Songwriters’ New Streaming Royalties Approved Before the New Year

Arriving just before New Years’ Eve, on Friday (Dec. 30), the Copyright Royalty Board judges issued their ruling on streaming royalty rates for songwriters for the period of January 2023 to December 2027, upholding a settlement proposed by the National Music Publishers’ Association (NMPA), Digital Media Association (DiMA), and Nashville Songwriters’ Association International (NSAI) in late August. This ruling sets the rates for Subpart C and D of the five year period known as Phonorecords IV (or “Phono IV” for short), and it represents a compromise between the music industry and the streaming services, creating certainty around the royalties owed to songwriters for U.S. mechanicals.

According to the settlement, which the NMPA touts as the “highest rates in the history of digital streaming,” the headline rate will increase from 15.1% of revenue in 2023 to 15.2% in 2024 and then up a half a percentage point in each of the remaining three years, peaking at 15.35% in 2027, the final year of the term.

For stand-alone portable subscription offerings — like Spotify — the total content cost (TCC) component of the rate formula will be set at 26.2% of what’s paid to labels for the entire term, or $1.10 per subscriber, whichever is lower. Previously, those numbers were 21% of revenue and 80 cents per subscriber.

This means that the resultant TCC pool is measured against the total service revenue. Whichever is larger is designated the “all-in” pool, including both performance and mechanical royalties. After this is established, performance royalties are subtracted out, leaving behind solely the mechanical royalties.

Finally, the resultant mechanicals are compared against a pool, calculated by multiplying a streaming service’s total subscribers by 60 cents per person. Whichever of these two totals is bigger becomes the final mechanical royalty pool paid out to publishers and songwriters. Previously, the multiplier for the last 10 years had been set at 50 cents per subscriber.

This final ruling, reached two days before its rates are set to take effect, is a striking contrast from the lengthy proceedings to set streaming rates for Phonorecords III (2018-2022). Though that five year period is nearly over, its rates are still not finalized. In 2018, the music industry initially won the increase of the headline rate from 11.4% to 15.1% over the five year period, but the following year, Spotify, Amazon, Google and Pandora appealed, hoping to secure a lesser rate. This resulted in a legal back-and-forth that continues today, and although it is nearing its completion, it has created uncertainty surrounding what songwriters are owed for their work.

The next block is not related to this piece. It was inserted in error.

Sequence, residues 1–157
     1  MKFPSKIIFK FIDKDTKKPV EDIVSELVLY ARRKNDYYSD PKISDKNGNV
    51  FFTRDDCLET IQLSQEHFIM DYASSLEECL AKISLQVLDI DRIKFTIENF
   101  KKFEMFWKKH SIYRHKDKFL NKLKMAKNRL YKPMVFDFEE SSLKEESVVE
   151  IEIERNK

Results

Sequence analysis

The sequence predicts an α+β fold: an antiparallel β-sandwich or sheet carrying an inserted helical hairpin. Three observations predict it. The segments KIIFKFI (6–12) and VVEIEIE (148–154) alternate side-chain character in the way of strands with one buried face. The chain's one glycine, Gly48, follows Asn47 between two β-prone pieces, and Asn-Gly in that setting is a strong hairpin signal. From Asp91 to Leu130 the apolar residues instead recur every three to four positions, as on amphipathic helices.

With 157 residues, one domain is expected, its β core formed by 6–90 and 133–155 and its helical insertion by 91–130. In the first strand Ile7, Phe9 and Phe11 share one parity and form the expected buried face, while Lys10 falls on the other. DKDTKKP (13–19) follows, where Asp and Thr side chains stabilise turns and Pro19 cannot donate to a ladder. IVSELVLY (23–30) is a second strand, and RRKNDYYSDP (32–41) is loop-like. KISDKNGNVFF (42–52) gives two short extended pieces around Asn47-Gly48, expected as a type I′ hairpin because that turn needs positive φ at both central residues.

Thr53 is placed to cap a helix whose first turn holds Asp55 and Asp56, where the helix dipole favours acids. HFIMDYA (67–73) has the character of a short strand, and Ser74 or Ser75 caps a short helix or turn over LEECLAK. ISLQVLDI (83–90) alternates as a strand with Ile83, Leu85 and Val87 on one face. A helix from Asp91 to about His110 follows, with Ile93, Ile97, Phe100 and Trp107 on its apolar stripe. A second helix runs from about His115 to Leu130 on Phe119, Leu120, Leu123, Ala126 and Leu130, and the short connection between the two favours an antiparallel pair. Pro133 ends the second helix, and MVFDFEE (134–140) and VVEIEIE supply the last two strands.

In hopes of streamlining the process and avoiding lengthy proceedings, the three settling parties worked together to propose a settlement for approval or denial by the CRB. Though other participants and interested parties outside of those who took part in the settlement were given the opportunity to explain their point-of-view during the month-long “comment period,” which ran from Nov. 7 to Dec. 7, the board explained in its ruling that its role is to either adopt or decline the settlement’s terms as presented, not to “modify” or add “requested adjustments.”

The ruling makes note of concerns provided by the 20 total commenters who weighed in on the settlement during the period, including that to some independent songwriters “the proposed rates might seem inadequate” and that several commenters prefer “alternative methods for inserting inflation adjustments.” “However,” the board states in the ruling, “the settlement is what is before the judges for consideration, not alternative rates or proposals for alternative procedures.”

In a statement Friday, NMPA president and CEO, David Israelite, celebrated the news. “Starting January 1, songwriters will enjoy the highest rates in the world and the highest rates in the history of digital streaming,” he said. “Thanks to the many songwriter advocates who worked hard to make this happen. There are still many challenges ahead to ensure that songs receive their proper value, but the future is bright.”

DiMA president and CEO, Garrett Levin, added, “We appreciate the Copyright Royalty Board for recognizing the benefits of this landmark agreement and the certainty it provides for streaming services, publishers, and songwriters alike. Thanks to the agreement, we can kick off 2023 focused on fans and continuing to grow streaming for the benefit of all stakeholders.”

Additional Reporting by Ed Christman

Kristin Robinson